Carson McCullers

Carson McCullers

By the time Carson McCullers came to write The Member of the Wedding, she had already published two novels. Her first, The Heart is a Lonely Hunter, was published in 1940 when McCullers was only 23 years old; it became a bestseller and McCullers became a literary star. Born Lula Carson Smith in 1917 in Columbus, Georgia, McCullers was the eldest child—brilliant and sensitive—of three children. Her father was a watchmaker and jeweller, and her ambitious mother was determined her first-born would be a musical genius. At 15, McCullers had the first of many illnesses that were to ruin her health—rheumatic fever. She was later struck by a series of strokes that left her paralysed down one side by the time she was 30. McCullers became a talented pianist and was sent to New York City aged 17 to study music at the Juilliard. Instead, she enrolled in evening classes in creative writing at Columbia University and her first story, ‘Wunderkind‘, was published in 1936 in Story magazine.

Carson and Reeves

McCullers, passionate, selfish and petulant, met and fell in love with the writer Reeves McCullers, a corporal in the US Army, and they were married in 1937. They moved to Charlotte, North Carolina, where McCullers wrote The Heart is a Lonely Hunter and became the successful writer Reeves would never become. The tension caused by the inequality of their talents, their tempestuous passions, heavy drinking and homosexual affairs led to a traumatic divorce in 1940 and McCullers moved to New York. Here she lived at the February House which was home to writers and artists including George Davis (the editor of Harper’s Bazaar), Gypsy Rose Lee and W.H. Auden, and became friends with Tennessee Williams and Truman Capote. Of his first meeting with her, Capote wrote: ‘I remember thinking how beautiful her eyes were: the colour of good clear coffee, or of a dark ale held to the firelight to warm. Her voice had the same quality, the same gentle heat …’ (Anais Nin gave the February House its name after discovering that McCullers, Davis and Auden were all born under the astrological sign of Pisces.)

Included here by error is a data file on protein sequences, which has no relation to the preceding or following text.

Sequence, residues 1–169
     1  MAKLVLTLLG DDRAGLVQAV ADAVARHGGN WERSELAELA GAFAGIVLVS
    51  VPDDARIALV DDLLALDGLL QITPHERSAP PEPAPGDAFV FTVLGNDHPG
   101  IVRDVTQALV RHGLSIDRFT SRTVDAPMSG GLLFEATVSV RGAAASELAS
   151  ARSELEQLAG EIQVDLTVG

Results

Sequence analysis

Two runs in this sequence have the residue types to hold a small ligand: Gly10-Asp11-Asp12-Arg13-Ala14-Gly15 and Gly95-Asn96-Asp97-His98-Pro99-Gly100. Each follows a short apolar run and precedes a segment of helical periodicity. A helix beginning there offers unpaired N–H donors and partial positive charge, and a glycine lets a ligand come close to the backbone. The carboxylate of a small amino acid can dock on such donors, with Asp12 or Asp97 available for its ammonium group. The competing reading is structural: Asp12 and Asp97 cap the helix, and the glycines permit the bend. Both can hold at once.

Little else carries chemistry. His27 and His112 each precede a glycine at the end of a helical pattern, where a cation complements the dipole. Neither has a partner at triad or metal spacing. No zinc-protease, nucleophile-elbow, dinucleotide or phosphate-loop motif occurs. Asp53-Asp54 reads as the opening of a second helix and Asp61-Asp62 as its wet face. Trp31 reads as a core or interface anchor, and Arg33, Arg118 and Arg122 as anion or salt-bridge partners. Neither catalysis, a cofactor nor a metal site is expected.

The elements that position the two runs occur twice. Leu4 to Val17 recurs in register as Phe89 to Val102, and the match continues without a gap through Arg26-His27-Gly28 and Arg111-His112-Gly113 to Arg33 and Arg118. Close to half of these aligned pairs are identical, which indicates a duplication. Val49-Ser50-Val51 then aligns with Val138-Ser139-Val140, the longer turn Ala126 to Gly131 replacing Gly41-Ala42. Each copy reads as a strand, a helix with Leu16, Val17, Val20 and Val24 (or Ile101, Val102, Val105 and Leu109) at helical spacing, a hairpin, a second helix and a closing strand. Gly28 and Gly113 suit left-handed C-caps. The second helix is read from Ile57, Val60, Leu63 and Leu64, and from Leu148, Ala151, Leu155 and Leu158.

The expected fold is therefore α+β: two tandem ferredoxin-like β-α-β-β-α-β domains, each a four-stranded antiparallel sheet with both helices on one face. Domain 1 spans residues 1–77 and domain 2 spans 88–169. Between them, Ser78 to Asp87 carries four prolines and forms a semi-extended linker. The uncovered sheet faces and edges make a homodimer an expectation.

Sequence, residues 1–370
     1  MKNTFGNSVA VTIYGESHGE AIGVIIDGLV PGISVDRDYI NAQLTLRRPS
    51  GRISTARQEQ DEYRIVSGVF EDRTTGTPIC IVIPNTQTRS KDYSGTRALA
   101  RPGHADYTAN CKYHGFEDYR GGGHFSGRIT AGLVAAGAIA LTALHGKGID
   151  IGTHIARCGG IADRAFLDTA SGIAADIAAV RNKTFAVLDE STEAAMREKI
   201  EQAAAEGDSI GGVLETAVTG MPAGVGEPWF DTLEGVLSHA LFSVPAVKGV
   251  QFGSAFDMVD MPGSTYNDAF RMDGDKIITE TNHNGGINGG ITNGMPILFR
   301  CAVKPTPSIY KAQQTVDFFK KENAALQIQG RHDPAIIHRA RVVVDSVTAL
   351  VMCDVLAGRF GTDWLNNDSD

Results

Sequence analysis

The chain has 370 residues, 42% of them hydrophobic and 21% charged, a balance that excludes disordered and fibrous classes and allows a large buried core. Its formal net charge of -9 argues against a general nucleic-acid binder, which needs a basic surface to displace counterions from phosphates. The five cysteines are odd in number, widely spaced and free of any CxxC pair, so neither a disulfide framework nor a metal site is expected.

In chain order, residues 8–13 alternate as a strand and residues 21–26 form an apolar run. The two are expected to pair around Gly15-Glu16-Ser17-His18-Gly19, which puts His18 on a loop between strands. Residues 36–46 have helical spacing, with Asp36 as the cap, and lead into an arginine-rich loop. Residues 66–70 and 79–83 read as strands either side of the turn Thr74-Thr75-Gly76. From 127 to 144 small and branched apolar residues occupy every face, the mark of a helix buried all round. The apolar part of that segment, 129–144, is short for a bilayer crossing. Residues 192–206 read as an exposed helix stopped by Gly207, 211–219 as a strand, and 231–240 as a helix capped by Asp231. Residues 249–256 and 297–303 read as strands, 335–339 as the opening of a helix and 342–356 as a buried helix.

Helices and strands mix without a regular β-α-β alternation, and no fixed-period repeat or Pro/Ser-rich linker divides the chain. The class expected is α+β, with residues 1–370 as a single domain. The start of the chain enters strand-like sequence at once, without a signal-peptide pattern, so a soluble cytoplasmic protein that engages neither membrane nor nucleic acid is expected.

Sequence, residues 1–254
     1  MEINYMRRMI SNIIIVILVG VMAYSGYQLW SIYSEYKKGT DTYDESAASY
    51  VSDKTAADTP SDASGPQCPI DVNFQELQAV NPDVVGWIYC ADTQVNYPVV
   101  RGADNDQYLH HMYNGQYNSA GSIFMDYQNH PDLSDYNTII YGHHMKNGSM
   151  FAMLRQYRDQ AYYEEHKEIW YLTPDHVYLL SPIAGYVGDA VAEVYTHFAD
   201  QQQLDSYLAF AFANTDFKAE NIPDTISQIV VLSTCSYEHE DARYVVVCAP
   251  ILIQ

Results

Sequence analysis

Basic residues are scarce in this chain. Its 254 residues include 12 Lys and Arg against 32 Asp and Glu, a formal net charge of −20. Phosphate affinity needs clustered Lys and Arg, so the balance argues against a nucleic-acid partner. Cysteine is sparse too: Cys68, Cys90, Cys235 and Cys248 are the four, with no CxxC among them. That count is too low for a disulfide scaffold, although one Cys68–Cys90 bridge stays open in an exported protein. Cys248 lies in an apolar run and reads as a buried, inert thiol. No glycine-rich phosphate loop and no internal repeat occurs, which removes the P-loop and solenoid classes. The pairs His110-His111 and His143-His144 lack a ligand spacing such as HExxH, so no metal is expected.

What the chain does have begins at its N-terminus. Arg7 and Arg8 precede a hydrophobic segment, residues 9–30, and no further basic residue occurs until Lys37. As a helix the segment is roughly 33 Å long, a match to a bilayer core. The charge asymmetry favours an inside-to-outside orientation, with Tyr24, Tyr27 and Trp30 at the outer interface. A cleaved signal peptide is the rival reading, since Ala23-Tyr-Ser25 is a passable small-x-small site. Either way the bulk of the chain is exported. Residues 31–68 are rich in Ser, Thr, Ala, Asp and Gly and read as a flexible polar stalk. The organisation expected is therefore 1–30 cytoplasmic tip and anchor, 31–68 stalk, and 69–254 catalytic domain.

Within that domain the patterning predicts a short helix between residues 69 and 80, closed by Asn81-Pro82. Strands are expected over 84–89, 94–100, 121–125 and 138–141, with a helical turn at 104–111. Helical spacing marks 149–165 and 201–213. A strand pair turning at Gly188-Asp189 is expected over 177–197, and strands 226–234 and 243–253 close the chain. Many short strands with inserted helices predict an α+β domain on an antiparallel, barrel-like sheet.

After the publication in 1941 of her second novel, Reflections in a Golden Eye, McCullers spent over five agonising years trying to write The Member of the Wedding, struggling with chronic physical pain, unable to type properly—for months she could only type with one finger—and emotional torment, having fallen in love with American writer Katherine Anne Porter, who rejected her obsessive attentions. McCullers married Reeves again in 1945 and the following  year The Member of the Wedding was published. At the suggestion of Tennessee Williams, McCullers turned her novel into a successful play which was adapted for the cinema in 1952. The film, which has become a classic of American filmmaking, was the director Fred Zinnemann’s favourite of all his films.

McCullers spent the last years of her life before her death aged 50 dictating her unfinished autobiography, Illumination and Night Glare (published posthumously in 1999), in which she wrote: ‘I yearned for one particular thing; to get away from Columbus and to make my mark in the world.’

Posted on: July 8, 2019, by :